Sunday, February 13, 2011


Bunky and Rudresh I was thrilled you guys decided to test-drive your jazz quintet, Apex, in Ann Arbor Saturday evening as part of a double bill with the Vijay Iyer trio. Man, want an inspired night of music. Many jazz aficionados were excited about it. You and Rudresh have similar styles, and I now understand  Bunky’s influence on Rudresh, Greg Osby and Steve Wilson. Their styles are rooted in hard bop with a touch of free jazz. Of the three alto sax players, Rudresh sound has more of a tangible free jazz dynamic.

Rudresh is the first alto saxophonist I’ve heard in a long time who chews up chord changes as greedily as the great Charlie Parker. Saturday evening, he made switching tempos on the spot and playing counter-melodies seems effortless. Moreover, his way of composing is akin to Iyer his musical soul mate of 15 years. The pianist had an awesome opening set.
alto saxophonist Bunky Green and Rudresh Mahanthappa

Did you and Bunky catch Iyer’s take on Michael Jackson’s “Human Nature”? How about the young drummer Marcus Gilmore and his sophisticated phrasing. Also, bassist Stephen Crump gave a solid performance. Crump has a sensual way of handling the bass almost as if he’s seducing it. Rudresh and Iyer have to be the most imaginative jazz composers in the game. Their composing is multi-layered and intricate a la Charles Mingus. Rudresh and Iyer love to load their compositions with an abundance of counter-melodies and tempo alterations.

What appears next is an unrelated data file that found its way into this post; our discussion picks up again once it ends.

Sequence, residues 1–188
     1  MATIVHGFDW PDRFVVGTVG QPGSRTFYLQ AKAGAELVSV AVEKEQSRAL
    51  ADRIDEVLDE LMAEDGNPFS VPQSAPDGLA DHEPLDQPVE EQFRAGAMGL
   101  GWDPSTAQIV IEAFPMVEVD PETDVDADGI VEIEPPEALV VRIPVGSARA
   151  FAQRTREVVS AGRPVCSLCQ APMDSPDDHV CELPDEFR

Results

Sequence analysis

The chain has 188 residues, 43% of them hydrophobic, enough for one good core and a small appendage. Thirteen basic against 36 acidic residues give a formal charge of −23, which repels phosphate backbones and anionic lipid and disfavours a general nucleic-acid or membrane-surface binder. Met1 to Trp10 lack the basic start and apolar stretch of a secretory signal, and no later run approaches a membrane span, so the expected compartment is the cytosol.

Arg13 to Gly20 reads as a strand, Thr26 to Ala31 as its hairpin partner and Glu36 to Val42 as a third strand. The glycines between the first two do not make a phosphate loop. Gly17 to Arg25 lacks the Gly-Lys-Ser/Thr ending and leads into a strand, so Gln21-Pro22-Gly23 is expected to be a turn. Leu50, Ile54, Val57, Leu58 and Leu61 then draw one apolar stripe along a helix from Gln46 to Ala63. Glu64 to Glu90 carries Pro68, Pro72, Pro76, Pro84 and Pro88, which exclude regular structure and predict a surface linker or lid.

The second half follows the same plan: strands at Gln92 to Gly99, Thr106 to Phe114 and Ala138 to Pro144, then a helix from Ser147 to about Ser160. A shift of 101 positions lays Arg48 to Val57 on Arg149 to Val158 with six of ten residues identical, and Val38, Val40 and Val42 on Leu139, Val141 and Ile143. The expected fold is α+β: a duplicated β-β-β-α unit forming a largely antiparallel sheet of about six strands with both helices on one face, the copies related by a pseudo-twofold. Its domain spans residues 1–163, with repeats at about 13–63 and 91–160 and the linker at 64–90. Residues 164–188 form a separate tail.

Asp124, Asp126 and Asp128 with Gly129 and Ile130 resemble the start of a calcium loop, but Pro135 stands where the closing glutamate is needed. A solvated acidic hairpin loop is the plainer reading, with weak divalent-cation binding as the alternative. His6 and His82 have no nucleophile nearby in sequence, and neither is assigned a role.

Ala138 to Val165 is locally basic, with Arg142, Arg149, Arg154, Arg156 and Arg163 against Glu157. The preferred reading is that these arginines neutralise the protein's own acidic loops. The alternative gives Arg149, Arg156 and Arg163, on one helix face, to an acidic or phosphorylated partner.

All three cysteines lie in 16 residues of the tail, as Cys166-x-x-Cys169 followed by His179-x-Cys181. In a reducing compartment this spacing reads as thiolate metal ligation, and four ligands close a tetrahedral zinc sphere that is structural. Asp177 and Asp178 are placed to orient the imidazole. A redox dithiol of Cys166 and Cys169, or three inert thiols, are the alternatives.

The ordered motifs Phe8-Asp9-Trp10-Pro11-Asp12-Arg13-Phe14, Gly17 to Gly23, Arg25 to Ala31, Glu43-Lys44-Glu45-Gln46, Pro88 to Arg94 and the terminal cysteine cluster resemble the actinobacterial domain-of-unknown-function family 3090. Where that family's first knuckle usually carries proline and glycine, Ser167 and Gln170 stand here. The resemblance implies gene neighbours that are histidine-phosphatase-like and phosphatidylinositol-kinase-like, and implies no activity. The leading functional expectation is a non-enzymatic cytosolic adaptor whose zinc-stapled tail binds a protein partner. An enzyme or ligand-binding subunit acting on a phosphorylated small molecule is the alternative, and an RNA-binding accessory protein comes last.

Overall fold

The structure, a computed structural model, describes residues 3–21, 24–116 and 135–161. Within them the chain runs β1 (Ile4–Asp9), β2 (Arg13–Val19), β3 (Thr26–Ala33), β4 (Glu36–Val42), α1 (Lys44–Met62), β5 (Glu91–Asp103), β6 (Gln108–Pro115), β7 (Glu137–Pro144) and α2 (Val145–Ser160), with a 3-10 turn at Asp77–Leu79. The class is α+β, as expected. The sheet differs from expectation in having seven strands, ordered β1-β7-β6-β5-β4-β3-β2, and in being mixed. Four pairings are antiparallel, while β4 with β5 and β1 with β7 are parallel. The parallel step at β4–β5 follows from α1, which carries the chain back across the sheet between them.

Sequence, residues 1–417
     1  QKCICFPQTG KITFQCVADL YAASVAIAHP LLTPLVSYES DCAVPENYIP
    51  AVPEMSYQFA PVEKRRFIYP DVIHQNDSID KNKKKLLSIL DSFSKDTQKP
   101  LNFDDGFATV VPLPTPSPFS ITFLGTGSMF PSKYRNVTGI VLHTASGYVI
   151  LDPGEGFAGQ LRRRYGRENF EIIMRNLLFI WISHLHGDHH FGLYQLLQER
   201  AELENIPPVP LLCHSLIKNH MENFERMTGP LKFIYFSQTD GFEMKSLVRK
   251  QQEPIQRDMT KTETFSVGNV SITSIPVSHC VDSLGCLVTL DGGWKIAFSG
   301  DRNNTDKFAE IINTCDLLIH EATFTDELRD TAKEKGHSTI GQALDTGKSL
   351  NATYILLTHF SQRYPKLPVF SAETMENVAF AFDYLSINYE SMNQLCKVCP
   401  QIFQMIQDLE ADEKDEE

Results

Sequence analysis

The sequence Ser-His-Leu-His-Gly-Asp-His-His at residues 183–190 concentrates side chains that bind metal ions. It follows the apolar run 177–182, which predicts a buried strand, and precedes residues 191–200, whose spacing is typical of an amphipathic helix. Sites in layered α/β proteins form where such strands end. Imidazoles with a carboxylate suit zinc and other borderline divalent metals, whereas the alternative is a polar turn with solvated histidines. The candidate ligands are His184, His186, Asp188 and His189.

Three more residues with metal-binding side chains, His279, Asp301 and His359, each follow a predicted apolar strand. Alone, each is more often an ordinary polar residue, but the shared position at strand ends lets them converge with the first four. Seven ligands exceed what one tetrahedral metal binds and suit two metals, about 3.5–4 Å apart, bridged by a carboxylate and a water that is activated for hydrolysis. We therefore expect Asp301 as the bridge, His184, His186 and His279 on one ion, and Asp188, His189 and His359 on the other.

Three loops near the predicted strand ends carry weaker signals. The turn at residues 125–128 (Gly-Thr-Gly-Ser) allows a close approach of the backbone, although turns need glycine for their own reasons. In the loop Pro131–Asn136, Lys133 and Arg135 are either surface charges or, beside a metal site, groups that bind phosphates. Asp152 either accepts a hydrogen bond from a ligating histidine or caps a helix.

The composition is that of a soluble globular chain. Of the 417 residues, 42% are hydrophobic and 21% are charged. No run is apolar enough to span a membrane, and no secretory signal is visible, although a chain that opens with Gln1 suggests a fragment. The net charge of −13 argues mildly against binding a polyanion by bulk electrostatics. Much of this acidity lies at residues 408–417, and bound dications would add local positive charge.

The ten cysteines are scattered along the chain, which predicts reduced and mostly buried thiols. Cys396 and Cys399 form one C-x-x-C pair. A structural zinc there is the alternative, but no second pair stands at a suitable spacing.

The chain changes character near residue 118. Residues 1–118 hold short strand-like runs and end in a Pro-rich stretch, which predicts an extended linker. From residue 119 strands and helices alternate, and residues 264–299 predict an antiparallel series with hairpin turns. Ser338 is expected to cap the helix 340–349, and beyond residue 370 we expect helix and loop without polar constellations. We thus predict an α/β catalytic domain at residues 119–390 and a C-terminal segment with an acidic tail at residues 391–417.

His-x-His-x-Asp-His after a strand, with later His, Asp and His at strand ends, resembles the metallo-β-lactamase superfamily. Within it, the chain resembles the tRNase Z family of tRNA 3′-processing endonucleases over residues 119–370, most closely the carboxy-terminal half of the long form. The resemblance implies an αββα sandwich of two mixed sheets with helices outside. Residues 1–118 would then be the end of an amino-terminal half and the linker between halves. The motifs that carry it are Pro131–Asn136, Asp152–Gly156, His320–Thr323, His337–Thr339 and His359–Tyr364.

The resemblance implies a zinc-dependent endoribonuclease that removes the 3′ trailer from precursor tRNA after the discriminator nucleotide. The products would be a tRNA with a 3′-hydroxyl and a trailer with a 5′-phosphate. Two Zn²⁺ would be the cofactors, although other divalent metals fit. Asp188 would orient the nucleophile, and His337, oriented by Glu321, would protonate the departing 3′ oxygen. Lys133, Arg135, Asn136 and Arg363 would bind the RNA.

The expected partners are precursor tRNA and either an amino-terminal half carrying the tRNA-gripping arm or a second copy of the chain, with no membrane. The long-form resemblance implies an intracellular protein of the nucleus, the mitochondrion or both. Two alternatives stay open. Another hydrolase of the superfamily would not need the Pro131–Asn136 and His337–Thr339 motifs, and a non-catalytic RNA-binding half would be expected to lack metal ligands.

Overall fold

On Rudresh’s originals, for instance, “Welcome,” The Summit,” and “Playing with Stones” the band made it seem as if they were playing mini-compositions within the main composition. Iyer is guilty of the same on his originals “Cardio,” and “Abundance”. Iyer’s phrasing is gentle, and his fingers seemed to be made from cotton. On medium and quick tempo numbers, he has a rambunctious streak. Bunky, I guessed you and Rudresh were going to open for Iyer, but the pianist played the first set. Iyer explained the trio had to split after the set and the autograph signing. They’re scheduled to perform at the Grammys' pre-show Sunday. Apex had a wonderful piano player as well.

Detroiter Craig Taborn is a quite the jazz rebel. I became a lifelong fan when Taborn was a member of saxophonist James Carter’s band. Apex’s drummer Damion Reid, who Rudresh jokingly referred to as his rhythmic instigator, sounded as if he made his bones in a funk band. He was plenty loud and powerful. At times, he overpowered Taborn because of Reid’s banging and clanging. At 74, Bunky, your sound still has that hard bop grit, and on your signature tune “Little Girl I’ll Miss You”, which the late Abbey Lincoln wrote lyrics for, sounds new every time you perform it.
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